The dataset I chose was the total of unlinked transit trips.  This dataset combines heavy commuter rail with light rail and bus systems as well as less widespread systems like ferries.  Originally plotted, the transport data was not indicative of anything because it was jagged month to month:

The dataset also bounced within a fairly narrow range.  However, a twelve month average looked different:

The scale is a little different, but the 12 month rolling average shows a peak and then a decline.  What does that trend correlate with?  How about gas prices:

The correlation between the monthly average for gas prices and the 12 month rolling average is quite weak.  It calculates to ~(0.174), which connotes weak if any correlation.  The correlation between the monthly average for gas prices and the monthly unlinked transit trips is higher—~.351—but it is weak nonetheless.

So, gas prices and transit trips do not correlate strongly.  Why?  My theory is that mass transit ridership is impacted by gas prices, but its driving factor is people getting to and from work.  Look at the curve in the 12 month rolling average of unlinked transit trips.  The decline corresponds to the deepening of the recession that began in 2008.  See what happens when you plot it against the monthly unemployment rate:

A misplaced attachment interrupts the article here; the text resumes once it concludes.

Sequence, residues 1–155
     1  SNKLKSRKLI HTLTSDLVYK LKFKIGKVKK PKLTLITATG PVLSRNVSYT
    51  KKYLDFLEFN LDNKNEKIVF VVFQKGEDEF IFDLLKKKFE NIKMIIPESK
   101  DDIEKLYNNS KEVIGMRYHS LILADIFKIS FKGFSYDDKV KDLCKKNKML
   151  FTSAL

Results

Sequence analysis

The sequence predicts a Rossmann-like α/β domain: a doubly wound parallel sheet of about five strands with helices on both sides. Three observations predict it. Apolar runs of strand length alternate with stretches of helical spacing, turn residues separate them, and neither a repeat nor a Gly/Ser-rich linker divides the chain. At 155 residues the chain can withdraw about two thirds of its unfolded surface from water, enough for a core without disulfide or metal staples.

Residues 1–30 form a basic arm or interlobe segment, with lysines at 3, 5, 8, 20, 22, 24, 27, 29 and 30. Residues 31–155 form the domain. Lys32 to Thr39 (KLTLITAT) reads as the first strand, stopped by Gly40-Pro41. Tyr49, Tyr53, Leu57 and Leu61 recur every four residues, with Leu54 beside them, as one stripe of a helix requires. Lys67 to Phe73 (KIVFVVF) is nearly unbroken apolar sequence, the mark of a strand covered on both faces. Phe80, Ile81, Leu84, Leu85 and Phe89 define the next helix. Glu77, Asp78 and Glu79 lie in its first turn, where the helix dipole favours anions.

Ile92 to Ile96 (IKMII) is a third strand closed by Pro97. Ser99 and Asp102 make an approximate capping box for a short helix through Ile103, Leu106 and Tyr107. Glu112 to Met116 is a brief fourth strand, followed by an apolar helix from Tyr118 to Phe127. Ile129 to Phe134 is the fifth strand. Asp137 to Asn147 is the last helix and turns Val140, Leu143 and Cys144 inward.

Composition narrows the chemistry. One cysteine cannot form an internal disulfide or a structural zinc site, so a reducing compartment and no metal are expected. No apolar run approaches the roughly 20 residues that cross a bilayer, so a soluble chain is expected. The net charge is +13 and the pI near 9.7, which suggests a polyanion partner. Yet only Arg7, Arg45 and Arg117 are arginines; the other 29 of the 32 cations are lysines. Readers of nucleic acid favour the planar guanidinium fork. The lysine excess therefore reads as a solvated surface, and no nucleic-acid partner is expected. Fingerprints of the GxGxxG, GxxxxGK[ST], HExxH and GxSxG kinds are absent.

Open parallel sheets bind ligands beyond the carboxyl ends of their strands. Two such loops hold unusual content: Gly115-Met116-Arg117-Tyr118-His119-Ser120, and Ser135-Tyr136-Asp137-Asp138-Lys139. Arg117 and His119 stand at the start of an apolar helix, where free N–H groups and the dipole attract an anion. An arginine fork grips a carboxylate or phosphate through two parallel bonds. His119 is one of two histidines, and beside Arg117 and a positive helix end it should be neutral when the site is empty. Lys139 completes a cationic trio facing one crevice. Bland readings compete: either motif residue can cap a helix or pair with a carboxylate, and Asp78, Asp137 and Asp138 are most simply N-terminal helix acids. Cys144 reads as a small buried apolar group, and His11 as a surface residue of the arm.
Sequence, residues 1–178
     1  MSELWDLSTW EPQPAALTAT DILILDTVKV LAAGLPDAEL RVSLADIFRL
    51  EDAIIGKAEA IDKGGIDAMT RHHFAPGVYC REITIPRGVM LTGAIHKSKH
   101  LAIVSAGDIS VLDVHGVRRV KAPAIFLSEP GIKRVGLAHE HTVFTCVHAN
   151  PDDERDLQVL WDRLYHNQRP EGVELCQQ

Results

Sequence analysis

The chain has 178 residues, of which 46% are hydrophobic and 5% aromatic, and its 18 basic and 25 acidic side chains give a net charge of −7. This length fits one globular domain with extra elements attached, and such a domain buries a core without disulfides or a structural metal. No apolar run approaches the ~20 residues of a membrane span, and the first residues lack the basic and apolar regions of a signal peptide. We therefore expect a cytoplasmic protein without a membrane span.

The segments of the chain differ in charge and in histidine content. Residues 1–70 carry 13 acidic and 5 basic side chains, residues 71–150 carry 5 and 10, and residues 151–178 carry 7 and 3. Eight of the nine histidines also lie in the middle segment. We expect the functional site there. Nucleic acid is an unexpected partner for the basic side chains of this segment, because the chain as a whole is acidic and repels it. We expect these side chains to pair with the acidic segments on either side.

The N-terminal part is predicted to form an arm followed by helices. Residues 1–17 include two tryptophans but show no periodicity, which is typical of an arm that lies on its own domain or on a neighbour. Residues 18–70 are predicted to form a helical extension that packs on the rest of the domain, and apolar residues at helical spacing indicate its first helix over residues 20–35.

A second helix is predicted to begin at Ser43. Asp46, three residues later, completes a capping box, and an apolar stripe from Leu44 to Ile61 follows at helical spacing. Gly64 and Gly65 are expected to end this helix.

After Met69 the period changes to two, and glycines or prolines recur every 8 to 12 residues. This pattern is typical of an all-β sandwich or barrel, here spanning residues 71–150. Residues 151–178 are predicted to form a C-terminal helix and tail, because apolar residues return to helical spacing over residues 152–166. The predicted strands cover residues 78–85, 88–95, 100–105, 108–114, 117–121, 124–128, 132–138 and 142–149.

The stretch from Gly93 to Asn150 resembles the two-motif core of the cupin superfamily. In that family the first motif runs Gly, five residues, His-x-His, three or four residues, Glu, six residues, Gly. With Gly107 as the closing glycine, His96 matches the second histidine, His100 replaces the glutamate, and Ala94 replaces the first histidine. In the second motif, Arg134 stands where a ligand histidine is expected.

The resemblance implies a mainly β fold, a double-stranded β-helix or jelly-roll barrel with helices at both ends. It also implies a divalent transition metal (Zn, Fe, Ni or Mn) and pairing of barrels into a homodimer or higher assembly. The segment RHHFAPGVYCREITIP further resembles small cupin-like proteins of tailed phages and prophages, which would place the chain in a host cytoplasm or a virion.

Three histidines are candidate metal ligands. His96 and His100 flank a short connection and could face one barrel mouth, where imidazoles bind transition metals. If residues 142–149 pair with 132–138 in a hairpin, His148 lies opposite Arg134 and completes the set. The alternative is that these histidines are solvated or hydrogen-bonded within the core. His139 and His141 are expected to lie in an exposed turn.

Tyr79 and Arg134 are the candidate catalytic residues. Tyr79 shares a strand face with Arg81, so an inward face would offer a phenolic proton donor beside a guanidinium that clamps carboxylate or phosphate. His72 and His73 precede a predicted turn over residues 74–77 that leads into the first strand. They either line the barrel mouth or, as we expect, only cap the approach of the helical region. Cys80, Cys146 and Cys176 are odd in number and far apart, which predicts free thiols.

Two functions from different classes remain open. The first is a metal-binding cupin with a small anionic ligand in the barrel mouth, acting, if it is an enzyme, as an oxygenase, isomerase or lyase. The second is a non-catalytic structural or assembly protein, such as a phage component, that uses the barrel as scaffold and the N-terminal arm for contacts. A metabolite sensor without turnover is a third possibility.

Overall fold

Nothing to see here, right?  Wrong.  The datasets are actually negatively correlated.  The math works out to ~(0.694).  That is to say that as unemployment goes up—more people out of work—then transit ridership goes down—fewer people going to work.  The converse is also true.  The unemployment statistics were taken from the Bureau of Labor Statistics.

I do not think any of this is definitive, but it suggests a more complex relationship than merely higher gas prices driving behavior.  Ironically, the president of the APTA Michael Melaniphy said “As people get jobs and go back to work, they get on mass transit more.  And then when people look at gas prices, they really get on transit more.”  The converse of the statement is true.  As gas prices rise people get on mass transit more, but as they get back to work they really start to ride mass transit.

Another aspect I am struggling with how to model is the capacity of mass transit relative to ridership and gas prices.  The capacity of mass transit, outside of adding busses, is not something that can be scaled with any rapidity.  There is a long lead time in building rail lines or adding trains.  The need for additional capacity is probably reduced by the time that new capacity is installed meaning that only the farthest looking of civic planners actually put systems in place to handle future demand growth.